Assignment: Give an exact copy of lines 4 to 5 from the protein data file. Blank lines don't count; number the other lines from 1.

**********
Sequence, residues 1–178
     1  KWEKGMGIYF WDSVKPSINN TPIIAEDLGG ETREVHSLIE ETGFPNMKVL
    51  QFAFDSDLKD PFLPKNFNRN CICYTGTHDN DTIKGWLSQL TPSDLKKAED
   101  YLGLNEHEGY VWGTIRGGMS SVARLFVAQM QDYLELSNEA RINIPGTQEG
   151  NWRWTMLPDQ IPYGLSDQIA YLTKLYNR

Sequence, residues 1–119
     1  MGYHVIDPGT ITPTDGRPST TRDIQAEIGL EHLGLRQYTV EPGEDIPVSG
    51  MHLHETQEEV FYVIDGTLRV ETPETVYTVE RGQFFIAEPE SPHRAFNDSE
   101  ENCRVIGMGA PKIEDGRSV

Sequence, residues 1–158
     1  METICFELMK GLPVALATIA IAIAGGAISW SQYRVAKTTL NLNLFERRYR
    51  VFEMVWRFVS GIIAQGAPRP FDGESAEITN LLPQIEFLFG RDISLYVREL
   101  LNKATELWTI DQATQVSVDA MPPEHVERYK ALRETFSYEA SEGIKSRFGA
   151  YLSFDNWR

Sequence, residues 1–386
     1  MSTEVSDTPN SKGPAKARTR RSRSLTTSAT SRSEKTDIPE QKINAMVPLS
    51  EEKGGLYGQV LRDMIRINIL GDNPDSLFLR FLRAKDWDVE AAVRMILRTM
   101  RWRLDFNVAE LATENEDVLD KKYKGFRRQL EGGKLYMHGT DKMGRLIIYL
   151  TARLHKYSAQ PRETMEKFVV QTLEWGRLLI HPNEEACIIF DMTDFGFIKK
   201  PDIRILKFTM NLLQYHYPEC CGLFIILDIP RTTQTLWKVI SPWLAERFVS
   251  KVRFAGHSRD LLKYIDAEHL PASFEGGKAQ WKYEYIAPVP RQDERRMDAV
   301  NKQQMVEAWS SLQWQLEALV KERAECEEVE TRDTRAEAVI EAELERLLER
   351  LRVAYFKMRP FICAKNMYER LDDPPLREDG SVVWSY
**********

   101  YLGLNEHEGY VWGTIRGGMS SVARLFVAQM QDYLELSNEA RINIPGTQEG
   151  NWRWTMLPDQ IPYGLSDQIA YLTKLYNR